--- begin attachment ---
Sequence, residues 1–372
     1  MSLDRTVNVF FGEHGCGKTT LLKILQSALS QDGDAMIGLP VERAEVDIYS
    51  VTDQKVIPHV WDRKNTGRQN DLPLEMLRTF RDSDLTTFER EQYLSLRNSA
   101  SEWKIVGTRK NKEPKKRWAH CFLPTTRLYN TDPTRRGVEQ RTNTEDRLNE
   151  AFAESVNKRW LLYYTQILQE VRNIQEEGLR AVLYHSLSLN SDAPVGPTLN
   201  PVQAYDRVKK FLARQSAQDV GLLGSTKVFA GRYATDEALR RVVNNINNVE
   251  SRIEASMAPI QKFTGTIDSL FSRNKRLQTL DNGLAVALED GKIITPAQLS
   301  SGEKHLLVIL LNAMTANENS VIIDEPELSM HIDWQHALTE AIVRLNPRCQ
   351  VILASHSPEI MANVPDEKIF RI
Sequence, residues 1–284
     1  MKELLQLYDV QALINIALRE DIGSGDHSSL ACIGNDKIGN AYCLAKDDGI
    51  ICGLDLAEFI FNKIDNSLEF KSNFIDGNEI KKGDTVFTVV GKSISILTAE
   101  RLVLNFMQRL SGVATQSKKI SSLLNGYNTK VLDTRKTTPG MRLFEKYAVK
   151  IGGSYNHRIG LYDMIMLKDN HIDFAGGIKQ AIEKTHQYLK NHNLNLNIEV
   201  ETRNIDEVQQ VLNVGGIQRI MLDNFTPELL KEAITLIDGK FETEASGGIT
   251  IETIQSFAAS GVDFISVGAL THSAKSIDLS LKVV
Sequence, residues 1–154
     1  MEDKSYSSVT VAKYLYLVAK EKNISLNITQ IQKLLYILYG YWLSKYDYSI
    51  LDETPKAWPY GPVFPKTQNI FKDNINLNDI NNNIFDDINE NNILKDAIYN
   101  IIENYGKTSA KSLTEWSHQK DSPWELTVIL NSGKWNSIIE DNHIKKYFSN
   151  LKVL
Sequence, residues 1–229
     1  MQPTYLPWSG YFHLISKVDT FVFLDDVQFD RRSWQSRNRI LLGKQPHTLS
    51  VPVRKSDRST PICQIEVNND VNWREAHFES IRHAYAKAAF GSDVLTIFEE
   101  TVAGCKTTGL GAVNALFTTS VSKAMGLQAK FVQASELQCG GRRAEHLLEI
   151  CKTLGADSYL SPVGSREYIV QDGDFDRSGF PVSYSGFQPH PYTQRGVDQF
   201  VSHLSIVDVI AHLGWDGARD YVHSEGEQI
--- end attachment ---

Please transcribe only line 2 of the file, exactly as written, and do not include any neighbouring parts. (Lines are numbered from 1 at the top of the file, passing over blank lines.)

     1  MSLDRTVNVF FGEHGCGKTT LLKILQSALS QDGDAMIGLP VERAEVDIYS